That we humans are able to exist at all in so infinitely-complex and frustrating a world is a testament to our resilience and flexibility. We are bombarded every moment of every day with contradictions and challenges and decisions, and somehow we manage to wend our way through the minefields, though it can be argued it is harder and harder to do so.
Ironies and contradictions abound. We have created technology to make our lives simpler, and have ended up being ruled by it. We come up with new ways of direct communications and lose the ability to communicate directly (as anyone who has ever tried to reach a real human being at a major corporation can attest).
The invention of the computer has changed our entire world. But now, to have a computer is not enough. One must have an iPod and an iPad and a Tablet and a Kindle and a Nook and a Blackberry. Telephones begat cell phones, and cell phones begat texting and ring tones and 14,999 various "apps". I have a computer (and have made the quantum leap from sit-in-one-place PC to a laptop and have a small device that plugs into the laptop to enable me internet access from anywhere in the city of Chicago). I do not have an iPod or an iPad or a Tablet or a Kindle or a Nook or a Blackberry. I have seen them, but I have never used them, and though I'm sure they're lots of fun, I honestly get along fine without them.
I am bedeviled by endless TV commercials that encourage me to sign up for a mind-boggling array of supposedly absolutely necessary services I in fact do not need, each of which I can have "for only $99.99 a month for the first three months," after which it usually goes up to $129.00 per month. Multiply this by six different devices requiring some sort of service contract and you're getting close to the gross national product of Paraguay.
I am well aware that the single purpose of all commercial ventures is to make money, but I rather strongly resent the implication that if I don't have (read "buy") all these gadgets and gee-gaws, I am a pathetic relic unfit for society. Lord knows I get that message clearly enough in other areas of my life; I don't need it from technology.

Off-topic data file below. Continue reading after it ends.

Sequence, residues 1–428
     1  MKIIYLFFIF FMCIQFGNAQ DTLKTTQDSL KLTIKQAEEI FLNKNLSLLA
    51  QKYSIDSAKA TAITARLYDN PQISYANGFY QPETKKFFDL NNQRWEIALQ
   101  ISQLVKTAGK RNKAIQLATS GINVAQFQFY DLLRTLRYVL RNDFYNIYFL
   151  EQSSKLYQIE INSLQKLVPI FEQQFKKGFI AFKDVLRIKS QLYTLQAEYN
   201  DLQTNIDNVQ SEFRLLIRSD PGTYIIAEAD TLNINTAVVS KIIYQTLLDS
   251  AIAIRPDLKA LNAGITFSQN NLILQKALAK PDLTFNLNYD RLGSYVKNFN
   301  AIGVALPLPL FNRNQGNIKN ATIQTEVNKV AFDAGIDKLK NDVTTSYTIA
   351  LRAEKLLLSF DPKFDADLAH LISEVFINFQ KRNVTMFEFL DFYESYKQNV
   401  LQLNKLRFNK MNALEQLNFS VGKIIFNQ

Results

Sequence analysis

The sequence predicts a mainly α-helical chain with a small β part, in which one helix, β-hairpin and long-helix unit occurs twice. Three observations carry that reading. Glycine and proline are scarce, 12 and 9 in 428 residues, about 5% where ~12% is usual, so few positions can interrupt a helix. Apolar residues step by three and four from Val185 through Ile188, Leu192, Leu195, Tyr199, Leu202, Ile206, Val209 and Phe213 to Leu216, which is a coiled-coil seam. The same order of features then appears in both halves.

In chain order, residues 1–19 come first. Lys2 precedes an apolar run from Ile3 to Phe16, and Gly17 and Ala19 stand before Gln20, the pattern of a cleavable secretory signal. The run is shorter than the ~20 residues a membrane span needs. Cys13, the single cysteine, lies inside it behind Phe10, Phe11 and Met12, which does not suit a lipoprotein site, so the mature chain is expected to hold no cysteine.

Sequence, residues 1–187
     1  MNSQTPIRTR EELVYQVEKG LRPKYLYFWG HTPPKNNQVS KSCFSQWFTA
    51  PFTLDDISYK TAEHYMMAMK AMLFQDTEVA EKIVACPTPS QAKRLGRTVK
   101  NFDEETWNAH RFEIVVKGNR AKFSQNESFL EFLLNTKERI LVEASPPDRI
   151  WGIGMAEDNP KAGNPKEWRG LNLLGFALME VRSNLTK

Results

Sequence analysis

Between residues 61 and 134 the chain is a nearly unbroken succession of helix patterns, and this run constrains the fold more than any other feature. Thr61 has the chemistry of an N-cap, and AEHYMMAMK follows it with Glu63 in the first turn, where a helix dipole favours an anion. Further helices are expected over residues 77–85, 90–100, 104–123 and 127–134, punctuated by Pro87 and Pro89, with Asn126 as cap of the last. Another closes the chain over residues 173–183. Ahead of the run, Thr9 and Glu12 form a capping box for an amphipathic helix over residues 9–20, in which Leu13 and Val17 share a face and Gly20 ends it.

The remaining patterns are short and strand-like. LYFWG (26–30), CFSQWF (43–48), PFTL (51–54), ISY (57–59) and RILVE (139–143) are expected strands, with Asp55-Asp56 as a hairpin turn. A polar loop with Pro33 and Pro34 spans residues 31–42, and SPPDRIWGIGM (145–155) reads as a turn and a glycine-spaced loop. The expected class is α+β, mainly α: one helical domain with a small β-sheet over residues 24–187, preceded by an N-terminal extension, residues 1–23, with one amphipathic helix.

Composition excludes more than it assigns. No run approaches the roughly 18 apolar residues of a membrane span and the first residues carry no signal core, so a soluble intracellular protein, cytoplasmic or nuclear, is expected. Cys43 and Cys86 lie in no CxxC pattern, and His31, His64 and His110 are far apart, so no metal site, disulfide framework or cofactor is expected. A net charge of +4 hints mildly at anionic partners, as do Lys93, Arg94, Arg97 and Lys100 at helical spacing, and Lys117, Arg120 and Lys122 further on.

I have yet to completely figure out Facebook and Twitter and Google+ and LinkedIn and and BranchOut and the 9,000 other internet sites I am told I "must" belong to if I intend to get/keep my name out there and find new readers for my books. And as a result, I spend so much time bouncing from site to site trying to keep up that I have almost no time to write.
Obligations are part of life. If you are below retirement age, you have to get up and go to work five days a week whether you want to or not. We all have obligations, to friends, family, employers. For the most part, we meet them, and when we don't, there are often consequences. It is the obligations imposed on us by our culture and by technology which are the problem. We are in effect bullied into them.
The human need to belong, to feel part of the whole, is universal. It is a fact advertisers know well and exploit to the fullest. One of the most popular expressions in the advertiser's lexicon is "Everybody's talking about..." The fact that, of course, everybody is not talking about it is totally irrelevant. The clear message they are sending is that if you are not talking about it, you don't belong.
Bombastically partisan politicians are fond of saying "The American people will not tolerate such-and-so," meaning that if you have no objection to or may even be in favor of the "such-and-so," you are obviously not a part of "the American people."
The world, it seems, is the embodiment of that old vaudeville question: "Have you stopped beating your wife?" No matter how you respond, you're in trouble. Damned if you do, damned if you don't.
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